Worker Says 'Scam' Job Refused to Pay Amount Listed on Ad: 'Gross'

A worker with over a decade of experience declined a job after the company wouldn't pay the $28 an hour advertised in the job listing.

The Reddit post recounting the situation, titled, "I applied for a job that paid $28 per hour, but they didn't want to pay me $28 per hour," has been upvoted 11,000 times since it was shared on March 16.

According to, eight cities and states have pay transparency laws in place. It all started with California's Equal Pay Act in 2017, and other cities and states followed along, including Washington, Maryland, Ohio cities Toledo and Cincinnati, Colorado, Nevada, Connecticut, and Rhode Island (in 2023).

California's law requires employers to give out salary ranges to job applicants when requested. They also prohibit an employer from requesting a job applicant's salary history.

Redditor @UBetcha84 shared their story in the subreddit "Antiwork," revealing that last week they saw a job listing that advertised pay at $28 an hour, so they applied.

"It was a quality role, which I have a decade of experience in," the original poster (OP) revealed.

The company ended up calling the OP back on Monday saying they were "interested" in the candidate. Things appeared to be going in the right direction until pay for the role was brought up.

"I said the ad said $28, so I want that," the Redditor recalled.

Upset man on phone
A worker said a job refused to pay the amount listed in the job advertisement in a viral Reddit post. Here, an upset man on the phone. PROSTOCK-STUDIO/GETTY

Things then took a turn, and the person the OP spoke to revealed the $28 an hour rate is with experience.

"I responded I have a decade experience," the Redditor said. "They asked what the lowest I would be willing to go was, which I said $25. They asked if I could go lower."

The OP "grew impatient," and the Redditor explained, "this wasn't going to work because if they didn't want to pay what the ad said, they shouldn't have offered it to begin with." The call ended not long after that.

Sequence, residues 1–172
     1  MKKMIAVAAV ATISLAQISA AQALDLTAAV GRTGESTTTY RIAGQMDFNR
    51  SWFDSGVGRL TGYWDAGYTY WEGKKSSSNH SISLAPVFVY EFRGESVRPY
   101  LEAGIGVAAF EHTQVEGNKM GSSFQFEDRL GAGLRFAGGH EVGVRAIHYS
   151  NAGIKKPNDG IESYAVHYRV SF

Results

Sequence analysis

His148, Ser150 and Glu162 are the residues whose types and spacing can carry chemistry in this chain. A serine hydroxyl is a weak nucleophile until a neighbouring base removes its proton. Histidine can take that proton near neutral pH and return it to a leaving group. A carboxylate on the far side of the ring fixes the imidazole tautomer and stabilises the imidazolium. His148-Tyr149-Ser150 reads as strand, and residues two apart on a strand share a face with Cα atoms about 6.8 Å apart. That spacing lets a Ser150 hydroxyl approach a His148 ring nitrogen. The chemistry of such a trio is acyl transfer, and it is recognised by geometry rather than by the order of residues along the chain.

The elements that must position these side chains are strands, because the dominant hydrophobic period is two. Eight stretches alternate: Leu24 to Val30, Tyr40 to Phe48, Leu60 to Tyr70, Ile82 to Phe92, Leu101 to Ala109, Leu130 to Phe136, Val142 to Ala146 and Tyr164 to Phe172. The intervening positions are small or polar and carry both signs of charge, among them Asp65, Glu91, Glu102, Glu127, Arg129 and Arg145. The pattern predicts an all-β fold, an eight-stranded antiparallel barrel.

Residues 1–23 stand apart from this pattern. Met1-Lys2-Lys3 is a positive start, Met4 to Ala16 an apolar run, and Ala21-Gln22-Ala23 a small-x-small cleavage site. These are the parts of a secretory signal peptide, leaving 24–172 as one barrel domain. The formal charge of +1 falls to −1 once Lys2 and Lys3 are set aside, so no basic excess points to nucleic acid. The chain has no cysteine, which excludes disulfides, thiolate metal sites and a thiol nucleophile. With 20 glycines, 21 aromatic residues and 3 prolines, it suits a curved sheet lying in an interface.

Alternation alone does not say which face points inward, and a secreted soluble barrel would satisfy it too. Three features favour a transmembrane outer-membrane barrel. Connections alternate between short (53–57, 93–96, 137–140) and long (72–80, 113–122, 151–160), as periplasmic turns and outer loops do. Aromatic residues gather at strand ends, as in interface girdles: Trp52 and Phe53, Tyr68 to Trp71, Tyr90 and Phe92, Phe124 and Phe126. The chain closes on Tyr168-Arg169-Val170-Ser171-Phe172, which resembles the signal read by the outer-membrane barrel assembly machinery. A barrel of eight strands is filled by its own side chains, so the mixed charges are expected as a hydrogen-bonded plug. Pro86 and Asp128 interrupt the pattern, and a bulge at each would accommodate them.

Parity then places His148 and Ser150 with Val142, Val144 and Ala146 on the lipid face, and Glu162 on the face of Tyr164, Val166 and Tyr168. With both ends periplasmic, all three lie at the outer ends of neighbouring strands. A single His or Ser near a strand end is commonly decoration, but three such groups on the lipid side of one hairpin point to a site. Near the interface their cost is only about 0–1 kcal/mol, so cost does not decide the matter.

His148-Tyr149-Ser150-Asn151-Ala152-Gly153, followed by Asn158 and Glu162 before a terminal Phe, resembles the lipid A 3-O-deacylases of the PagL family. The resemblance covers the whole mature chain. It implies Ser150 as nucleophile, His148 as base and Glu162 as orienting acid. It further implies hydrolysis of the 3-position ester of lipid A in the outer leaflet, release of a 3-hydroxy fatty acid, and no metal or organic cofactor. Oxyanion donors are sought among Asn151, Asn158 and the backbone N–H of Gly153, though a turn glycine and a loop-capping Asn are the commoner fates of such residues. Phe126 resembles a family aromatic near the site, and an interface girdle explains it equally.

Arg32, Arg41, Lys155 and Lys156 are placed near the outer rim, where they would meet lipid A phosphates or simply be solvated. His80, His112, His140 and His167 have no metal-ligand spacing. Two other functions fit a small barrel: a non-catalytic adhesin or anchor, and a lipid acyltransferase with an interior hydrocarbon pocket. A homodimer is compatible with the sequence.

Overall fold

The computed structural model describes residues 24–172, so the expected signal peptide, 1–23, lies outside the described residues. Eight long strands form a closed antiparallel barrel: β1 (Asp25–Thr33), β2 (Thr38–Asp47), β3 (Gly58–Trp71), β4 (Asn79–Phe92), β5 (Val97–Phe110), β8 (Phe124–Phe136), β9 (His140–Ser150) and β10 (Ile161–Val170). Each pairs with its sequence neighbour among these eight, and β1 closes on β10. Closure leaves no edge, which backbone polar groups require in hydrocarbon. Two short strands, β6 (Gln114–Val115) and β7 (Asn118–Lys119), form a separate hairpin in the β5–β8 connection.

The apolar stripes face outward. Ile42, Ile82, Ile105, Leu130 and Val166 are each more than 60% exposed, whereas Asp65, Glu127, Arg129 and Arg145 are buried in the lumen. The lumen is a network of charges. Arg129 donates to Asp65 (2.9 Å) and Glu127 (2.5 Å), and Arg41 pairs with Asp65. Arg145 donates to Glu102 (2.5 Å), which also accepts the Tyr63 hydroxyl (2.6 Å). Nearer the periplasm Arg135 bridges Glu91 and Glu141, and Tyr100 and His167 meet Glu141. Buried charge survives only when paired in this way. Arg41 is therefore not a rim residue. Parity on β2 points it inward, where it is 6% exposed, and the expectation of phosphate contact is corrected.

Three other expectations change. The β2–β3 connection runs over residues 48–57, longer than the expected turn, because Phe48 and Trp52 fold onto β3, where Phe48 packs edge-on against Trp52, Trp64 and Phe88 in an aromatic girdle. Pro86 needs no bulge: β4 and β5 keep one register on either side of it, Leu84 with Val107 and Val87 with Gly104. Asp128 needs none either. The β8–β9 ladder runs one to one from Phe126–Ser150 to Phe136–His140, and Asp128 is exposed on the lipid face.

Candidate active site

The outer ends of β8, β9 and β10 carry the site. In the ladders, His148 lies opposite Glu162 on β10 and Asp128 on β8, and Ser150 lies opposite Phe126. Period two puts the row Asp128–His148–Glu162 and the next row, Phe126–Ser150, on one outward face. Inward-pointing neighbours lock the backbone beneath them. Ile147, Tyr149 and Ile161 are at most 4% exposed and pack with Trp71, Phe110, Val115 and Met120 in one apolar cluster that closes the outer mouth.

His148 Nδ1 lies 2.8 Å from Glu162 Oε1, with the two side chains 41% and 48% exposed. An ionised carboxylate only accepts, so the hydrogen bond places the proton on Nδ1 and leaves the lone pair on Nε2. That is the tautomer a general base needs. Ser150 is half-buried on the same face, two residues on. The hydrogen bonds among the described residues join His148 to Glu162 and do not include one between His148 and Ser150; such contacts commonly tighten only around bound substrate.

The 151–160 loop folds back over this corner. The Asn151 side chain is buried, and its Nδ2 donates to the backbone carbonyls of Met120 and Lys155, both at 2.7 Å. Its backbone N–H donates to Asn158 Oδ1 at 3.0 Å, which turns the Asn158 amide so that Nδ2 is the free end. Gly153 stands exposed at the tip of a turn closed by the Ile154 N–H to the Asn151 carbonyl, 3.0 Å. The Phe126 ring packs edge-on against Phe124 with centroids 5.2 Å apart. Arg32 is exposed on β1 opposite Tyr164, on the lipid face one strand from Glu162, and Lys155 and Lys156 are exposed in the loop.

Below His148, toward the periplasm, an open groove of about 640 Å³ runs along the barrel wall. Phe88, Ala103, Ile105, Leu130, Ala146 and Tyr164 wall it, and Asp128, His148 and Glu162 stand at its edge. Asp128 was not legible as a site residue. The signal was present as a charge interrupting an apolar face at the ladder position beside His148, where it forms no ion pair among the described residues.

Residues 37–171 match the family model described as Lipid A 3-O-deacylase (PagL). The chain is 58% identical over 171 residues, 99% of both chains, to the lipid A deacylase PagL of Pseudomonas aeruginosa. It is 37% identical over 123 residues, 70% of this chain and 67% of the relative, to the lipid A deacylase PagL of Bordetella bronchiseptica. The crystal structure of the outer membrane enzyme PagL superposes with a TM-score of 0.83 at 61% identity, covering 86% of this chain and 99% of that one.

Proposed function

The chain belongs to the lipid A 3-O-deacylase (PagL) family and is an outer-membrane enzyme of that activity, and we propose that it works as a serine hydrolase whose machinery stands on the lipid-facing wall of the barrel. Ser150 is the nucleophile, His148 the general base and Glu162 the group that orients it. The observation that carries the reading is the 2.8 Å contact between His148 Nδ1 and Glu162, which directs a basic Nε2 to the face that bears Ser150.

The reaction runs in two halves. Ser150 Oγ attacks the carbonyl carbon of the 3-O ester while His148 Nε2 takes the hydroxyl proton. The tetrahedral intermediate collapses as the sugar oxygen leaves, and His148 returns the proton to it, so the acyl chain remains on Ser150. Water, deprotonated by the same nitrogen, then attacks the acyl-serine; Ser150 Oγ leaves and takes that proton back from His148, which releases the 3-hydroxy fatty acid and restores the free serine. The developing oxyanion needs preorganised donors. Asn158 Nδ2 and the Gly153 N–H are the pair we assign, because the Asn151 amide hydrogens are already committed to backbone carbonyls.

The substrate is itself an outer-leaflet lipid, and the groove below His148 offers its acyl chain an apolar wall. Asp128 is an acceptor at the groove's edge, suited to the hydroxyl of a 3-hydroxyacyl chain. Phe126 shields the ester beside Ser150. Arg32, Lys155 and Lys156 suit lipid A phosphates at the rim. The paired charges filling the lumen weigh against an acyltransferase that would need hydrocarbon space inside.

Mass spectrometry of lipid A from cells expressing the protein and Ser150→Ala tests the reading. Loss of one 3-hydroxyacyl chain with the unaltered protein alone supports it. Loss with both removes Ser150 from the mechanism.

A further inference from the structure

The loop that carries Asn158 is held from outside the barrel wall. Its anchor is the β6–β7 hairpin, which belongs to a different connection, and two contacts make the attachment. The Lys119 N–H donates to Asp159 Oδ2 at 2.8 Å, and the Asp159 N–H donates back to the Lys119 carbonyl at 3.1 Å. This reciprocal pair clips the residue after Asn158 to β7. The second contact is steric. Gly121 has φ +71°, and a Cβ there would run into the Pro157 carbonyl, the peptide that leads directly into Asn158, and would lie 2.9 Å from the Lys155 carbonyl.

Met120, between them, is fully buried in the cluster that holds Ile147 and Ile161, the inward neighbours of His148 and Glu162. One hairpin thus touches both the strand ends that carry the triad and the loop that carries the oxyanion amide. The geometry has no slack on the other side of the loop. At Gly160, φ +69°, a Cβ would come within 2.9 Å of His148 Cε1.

Redditors had strong opinions about the situation with many in full support of the worker. Harsh criticism was also in abundance over the company's actions with theories on the false advertising as well.

"The goal is to get someone who is normally paid $28 and pay them $14," a Redditor reasoned. "It's people with backbones they don't want."

Some people thought the OP gave the company too much of their time. "You shot yourself in the foot even budging to these abusers," a user expressed. "You give them the finger, they want the whole hand."

While others thought the government needs to get involved. A Redditor said they need "to create a central location that scams like this can be reported to. It should be illegal to falsely advertise a wage."

However, some said it has to do with a possible scam regarding "payroll and recruitment fraud to get their PPP loans forgiven [i.e. Free money from the government.]"

Some companies could have fake job postings that qualify them for PPP loan forgiveness. The loans were taken out during COVID to keep people employed and working despite the situation, covering payroll for many companies, according to The Hill.

To keep from having to pay back the loan, employers would have to attempt to hire someone for an open position (if the original employee declines to come back). They can qualify for an exemption to pay back that portion of the loan amount if the company can't find someone to fill the position, which can be done by putting out the required advertisements for jobs the company doesn't want to fill anyways.

The PPP loans were called into question by other Redditors as well. "It's gross that they're not only not required to say where it goes to, but most business' I've looked up say 100 [percent] of their [loan] went to 'payroll,'" a user said. "Yeah f**king right."

Others brought up the possible PPP scams as well. "This is to keep their COVID loans converting into no-payback grants by 'looking' for employees they had no intention of hiring at anything but slave wages," a Redditor pointed out.

Some people brought up the Redditor's years of experience. "With at least 10 years of experience, you were doing them a favor only asking for 28 an hour," a user said. "Their loss."

Newsweek reached out to u/UBetcha84 for comment.